The Luton-based Vauxhall customer assistance centre was the UK's first dedicated automotive business handling customer and dealer enquiries. Today, the centre is playing an increasingly important role for dealers and customers across Europe as Vauxhall becomes a significant division within General Motors Europe.
Within the next 12 months the call centre will cover more than 20 countries, including Ireland, Poland, Scandinavia and Turkey.
Calls are evenly split between dealers chasing parts or asking advice and customers.
Pat Doughty, director at the customer assistance centre, said: “We are right at the leading edge of automotive customer care.”
Mercedes-Benz opened a similar pan-European call centre in Holland in October 1998, but it covers only nine countries. A tenth, Switzerland, will be added shortly.
Like Mercedes, GME uses foreign nationals to operate the phone lines.
“Many people become fluent in a foreign language, but we are looking for people who can also relate to our customers' cultural backgrounds. No-one can do that as well as a native,” said Mr Doughty.
Recruiting staff to the centre was relatively easy, thanks, in part, to Luton's – and the UK's – diverse cultural mix. Around 85% of those staff were already living in the UK. “We discovered there was a large Portugese community in nearby Bedford, for example,” said Mr Doughty.
Italian group leader Isabella Chimienti previously worked at Luton airport before joining the GM call centre in June. She said: “I see the call centre as a great opportunity to build good relations with people of another culture, as well as improve business procedure between European countries.
“I think that a multicultural and multilingual working environment is definitely the future for customer service businesses.”
Building teamwork across a multinational workforce of more than 330 is a difficult and time consuming task, said Mr Doughty.
The Spanish and Germans, for example, “are miles apart culturally – they work together but don't yet integrate”, he added. “But I can see a time when a German-speaking Spaniard sits on the German desk.”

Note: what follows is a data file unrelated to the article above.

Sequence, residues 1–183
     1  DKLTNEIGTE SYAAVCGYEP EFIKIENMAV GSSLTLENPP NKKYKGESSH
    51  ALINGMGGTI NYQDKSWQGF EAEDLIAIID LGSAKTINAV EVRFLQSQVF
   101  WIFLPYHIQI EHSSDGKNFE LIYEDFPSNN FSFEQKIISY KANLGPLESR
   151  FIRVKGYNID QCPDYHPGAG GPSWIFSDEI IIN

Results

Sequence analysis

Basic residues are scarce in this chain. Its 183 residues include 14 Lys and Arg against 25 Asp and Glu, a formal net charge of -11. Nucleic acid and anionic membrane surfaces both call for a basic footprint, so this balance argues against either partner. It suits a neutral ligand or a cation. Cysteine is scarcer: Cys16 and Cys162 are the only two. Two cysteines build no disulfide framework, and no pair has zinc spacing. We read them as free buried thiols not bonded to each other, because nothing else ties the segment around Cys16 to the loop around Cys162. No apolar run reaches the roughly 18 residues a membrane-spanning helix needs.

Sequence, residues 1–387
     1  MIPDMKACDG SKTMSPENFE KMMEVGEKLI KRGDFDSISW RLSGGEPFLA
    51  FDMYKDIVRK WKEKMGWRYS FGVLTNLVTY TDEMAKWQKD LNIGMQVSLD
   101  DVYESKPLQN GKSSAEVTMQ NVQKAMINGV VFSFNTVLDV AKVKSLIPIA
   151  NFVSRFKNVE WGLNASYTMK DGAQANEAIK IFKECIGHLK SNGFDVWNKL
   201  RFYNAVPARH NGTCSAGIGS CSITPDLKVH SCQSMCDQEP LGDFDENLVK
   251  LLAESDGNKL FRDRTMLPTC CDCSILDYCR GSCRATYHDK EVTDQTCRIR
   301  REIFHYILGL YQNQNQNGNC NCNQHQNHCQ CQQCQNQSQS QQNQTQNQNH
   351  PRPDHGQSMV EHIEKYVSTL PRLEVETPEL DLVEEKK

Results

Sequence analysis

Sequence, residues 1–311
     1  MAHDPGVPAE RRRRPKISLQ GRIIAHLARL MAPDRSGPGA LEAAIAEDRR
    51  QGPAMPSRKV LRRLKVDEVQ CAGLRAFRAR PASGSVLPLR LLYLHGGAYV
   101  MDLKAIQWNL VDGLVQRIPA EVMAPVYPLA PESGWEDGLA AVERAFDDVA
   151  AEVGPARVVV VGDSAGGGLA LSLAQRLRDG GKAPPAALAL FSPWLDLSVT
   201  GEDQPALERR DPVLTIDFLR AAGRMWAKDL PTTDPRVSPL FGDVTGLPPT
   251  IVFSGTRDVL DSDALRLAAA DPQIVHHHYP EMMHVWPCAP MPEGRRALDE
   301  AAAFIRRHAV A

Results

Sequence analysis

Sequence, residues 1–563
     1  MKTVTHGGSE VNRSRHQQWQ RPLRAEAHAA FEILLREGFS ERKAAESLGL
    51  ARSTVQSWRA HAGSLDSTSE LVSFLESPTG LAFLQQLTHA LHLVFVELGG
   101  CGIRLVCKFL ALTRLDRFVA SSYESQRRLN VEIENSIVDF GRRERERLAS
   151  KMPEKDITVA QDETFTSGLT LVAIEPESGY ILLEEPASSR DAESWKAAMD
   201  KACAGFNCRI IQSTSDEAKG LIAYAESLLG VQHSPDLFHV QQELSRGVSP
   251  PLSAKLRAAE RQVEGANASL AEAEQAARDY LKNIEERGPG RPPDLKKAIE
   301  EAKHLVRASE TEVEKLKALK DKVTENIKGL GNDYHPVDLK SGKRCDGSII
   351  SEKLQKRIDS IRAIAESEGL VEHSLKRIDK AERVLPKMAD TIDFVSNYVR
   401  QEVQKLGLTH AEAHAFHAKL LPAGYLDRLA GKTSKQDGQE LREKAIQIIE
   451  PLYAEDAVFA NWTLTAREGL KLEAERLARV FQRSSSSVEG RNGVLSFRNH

Mr Doughty and his management team are also learning the individual foibles between the different cultures.
“We wanted everyone to use first names to customers on the phone,” he said. “The Scandinavians and Germans quickly told us that would not be acceptable to their customers, so we changed it.”
The Vauxhall customer care team won the internal bidding within GM Europe for the call centre because of its expertise, said Mr Doughty.
The centre currently handles about 3,300 calls a day. That is expected to rise to 5,000 next year. There are also more than 250 letters and faxes each day from the UK and already more than 300 from Germany.
“The Germans are keen on putting everything in writing,” said Mr Doughty, highlighting another cultural quirk. Unlike other call centres, there are no display boards showing how many calls are waiting or have been answered or missed. And, unusually in today's environment, the integrated voice response system has been switched off.
A person answers every call – 99.6% of UK calls are answered first time. The hit rate for other countries averages 93% and is rising.
This success rate is helped by a £400,000 phone system which allows all calls to be traced. If a caller hangs up before being answered, they will get a call back from the centre.
Incoming calls are split 50-50 between dealers and vehicle owners, said Mr Doughty and the most frequent inquiry is about parts availability.
Walk round the open plan office and apart from the subdued babble of different languages, there is another reminder of what this centre is all about: clocks, each telling a different time.
If it's 3.30pm in Finland, it's still only 1.30pm in the UK and 2.30pm in Germany.
The call centre also accommodates those precious moments when employees need to be alone: the 'scream room'. This soundproof room measuring about 12ft by 6ft is isolated from the rest of the office and was installed at the request of the staff.
It is somewhere to go for total quiet or just to scream. They might all be smiling, considerate people who really believe the customer is king or queen – but they are also human. “You get wound up by abusive callers whatever the nationality,” said Mr Doughty.